The separation agreement covers seven pages of the transcript. It is indefinite in some respects, but mere indefiniteness does not render a judgment void. Beam v. Southwestern Bell Tel. Co., Tex.Civ.App., 164 S.W.2d 412.
The agreement provided that the wife should support and maintain herself and care for, educate, etc., the minor son of the parties, consistent with the payments made by plaintiff. After providing for $300 a month payments to defendant until the son reached 22 or died, then the payments were to be decreased to $200 per month, subject to termination at remarriage of defendant.
If the agreement stopped there, we would be constrained to follow. McBride v. McBride, Tex.Civ.App., 256 S.W.2d 250, and hold the payments to be alimony and unenforceable. The agreement continued, however, that defendant accepted the 'provisions' in full settlement and satisfaction of all claims and rights against plaintiff for her support (the agreement was entered into in anticipation of divorce) and for the support, maintenance and education of James Dudley Wilmeth, Jr. (the minor son) and in satisfaction of all other claims and rights whatever which she then had, ever had, or might thereafter have against plaintiff, and fully released him and his estate of any and all claims, liabilities and obligations whatsoever. The agreement further provided that in event plaintiff became liable for any liabilities of defendant, such amounts should be subtracted from the payments to be made.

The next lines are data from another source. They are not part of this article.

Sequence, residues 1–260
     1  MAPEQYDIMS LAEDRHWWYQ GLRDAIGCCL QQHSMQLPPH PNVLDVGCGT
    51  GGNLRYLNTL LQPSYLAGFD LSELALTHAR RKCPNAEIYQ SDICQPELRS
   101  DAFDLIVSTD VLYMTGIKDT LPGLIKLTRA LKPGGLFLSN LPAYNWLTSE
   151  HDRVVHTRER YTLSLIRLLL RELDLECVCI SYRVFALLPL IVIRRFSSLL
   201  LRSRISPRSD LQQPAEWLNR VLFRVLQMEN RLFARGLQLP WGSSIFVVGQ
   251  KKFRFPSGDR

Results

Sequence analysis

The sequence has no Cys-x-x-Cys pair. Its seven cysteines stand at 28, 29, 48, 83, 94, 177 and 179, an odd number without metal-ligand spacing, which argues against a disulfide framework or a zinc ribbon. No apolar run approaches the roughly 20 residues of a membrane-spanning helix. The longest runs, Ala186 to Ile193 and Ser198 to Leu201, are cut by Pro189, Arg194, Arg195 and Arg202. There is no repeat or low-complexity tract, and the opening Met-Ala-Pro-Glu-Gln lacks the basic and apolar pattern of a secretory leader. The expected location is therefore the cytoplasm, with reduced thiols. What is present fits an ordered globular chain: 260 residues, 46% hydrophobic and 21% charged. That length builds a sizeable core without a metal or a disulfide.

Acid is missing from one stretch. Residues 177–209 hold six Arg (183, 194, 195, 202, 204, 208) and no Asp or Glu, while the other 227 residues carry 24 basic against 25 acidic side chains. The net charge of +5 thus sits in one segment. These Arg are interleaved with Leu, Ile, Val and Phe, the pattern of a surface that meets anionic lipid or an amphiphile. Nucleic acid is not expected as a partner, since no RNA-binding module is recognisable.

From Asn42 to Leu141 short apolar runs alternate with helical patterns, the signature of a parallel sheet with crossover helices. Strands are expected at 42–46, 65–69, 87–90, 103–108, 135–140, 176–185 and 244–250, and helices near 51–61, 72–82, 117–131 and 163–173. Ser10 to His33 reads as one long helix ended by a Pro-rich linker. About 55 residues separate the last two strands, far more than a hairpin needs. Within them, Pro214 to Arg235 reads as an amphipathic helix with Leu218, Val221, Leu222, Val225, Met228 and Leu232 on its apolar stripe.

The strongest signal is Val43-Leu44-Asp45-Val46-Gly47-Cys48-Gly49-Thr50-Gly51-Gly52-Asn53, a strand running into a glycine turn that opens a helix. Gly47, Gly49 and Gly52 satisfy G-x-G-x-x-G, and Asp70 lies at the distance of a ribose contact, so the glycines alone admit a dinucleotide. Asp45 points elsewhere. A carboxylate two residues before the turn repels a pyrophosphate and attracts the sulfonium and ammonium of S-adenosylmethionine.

A careful study of the long settlement agreement leads to the conclusion that the future payments are to be made as a part of the property settlement between the parties, or partly for child support and partly in property settlement. It reasonably susceptible of such construction, then the judgment was not void on its face and the ordinary rules concerning bills of review are applicable.
No rule of law is better settled than the one that a court of equity will not set aside a final judgment in a former action when the failure to have a full and fair presentation of the case therein resulted from the negligence, inadvertence or mistake either of the party seeking the relief or his counsel. Brownson v. Reynolds, 77 Tex. 254, 13 S.W. 986; Smith v. Ferrell, Tex.Com.App., 44 S.W.2d 962; Brannen v. City of Houston, Tex.Civ.App., 153 S.W.2d 676; Kelly v. Wright, 144 Tex. 114, 188 S.W.2d 983.
Plaintiff's bill of review and his motion for summary judgment fail to allege or show that through fraud, accident or mistake he was prevented from urging the matter he now urges, to wit: that the deferred payments were really in the nature of alimony instead of child support and/or property settlement. He should not now be allowed to say that the judgment, which he asked the court to enter, is void as a matter of law.
The petition in the bill of review does no in any manner charge defendant with any acts which induced plaintiff to agree to the settlement and secure the subsequent approval thereof by the court.
One seeking to set aside a judgment by bill of review must not be guilty of fraud or negligence which resulted in the rendition of the judgment attacked. Alexander v. Hagedorn, 148 Tex. 565, 226 S.W.2d 996; Smith v. Ferrell, supra.
Plaintiff's own acts, as shown by his divorce petition and bill of review, resulted in the rendition of the judgment of which he now complains. Since he is not without fault, and since the judgment is not void on its face, the court did not err in rendering judgment for defendant on the bill of review.
All points of error have been considered and are overruled.